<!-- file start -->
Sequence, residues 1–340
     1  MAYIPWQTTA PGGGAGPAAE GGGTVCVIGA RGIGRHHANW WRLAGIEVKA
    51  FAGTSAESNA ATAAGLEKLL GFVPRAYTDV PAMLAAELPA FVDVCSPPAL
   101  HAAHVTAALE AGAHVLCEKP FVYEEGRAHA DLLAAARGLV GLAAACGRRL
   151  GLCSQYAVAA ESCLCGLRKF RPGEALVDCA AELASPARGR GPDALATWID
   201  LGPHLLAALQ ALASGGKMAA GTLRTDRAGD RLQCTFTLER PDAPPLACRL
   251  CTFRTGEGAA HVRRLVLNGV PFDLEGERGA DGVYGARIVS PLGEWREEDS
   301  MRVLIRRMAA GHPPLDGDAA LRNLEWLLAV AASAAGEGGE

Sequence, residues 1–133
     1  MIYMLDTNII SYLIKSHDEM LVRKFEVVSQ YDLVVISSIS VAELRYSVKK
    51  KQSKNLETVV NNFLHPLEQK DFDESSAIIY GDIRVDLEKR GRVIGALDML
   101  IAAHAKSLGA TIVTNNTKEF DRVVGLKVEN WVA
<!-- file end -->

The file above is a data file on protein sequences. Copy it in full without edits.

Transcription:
Sequence, residues 1–340
     1  MAYIPWQTTA PGGGAGPAAE GGGTVCVIGA RGIGRHHANW WRLAGIEVKA
    51  FAGTSAESNA ATAAGLEKLL GFVPRAYTDV PAMLAAELPA FVDVCSPPAL
   101  HAAHVTAALE AGAHVLCEKP FVYEEGRAHA DLLAAARGLV GLAAACGRRL
   151  GLCSQYAVAA ESCLCGLRKF RPGEALVDCA AELASPARGR GPDALATWID
   201  LGPHLLAALQ ALASGGKMAA GTLRTDRAGD RLQCTFTLER PDAPPLACRL
   251  CTFRTGEGAA HVRRLVLNGV PFDLEGERGA DGVYGARIVS PLGEWREEDS
   301  MRVLIRRMAA GHPPLDGDAA LRNLEWLLAV AASAAGEGGE

Sequence, residues 1–133
     1  MIYMLDTNII SYLIKSHDEM LVRKFEVVSQ YDLVVISSIS VAELRYSVKK
    51  KQSKNLETVV NNFLHPLEQK DFDESSAIIY GDIRVDLEKR GRVIGALDML
   101  IAAHAKSLGA TIVTNNTKEF DRVVGLKVEN WVA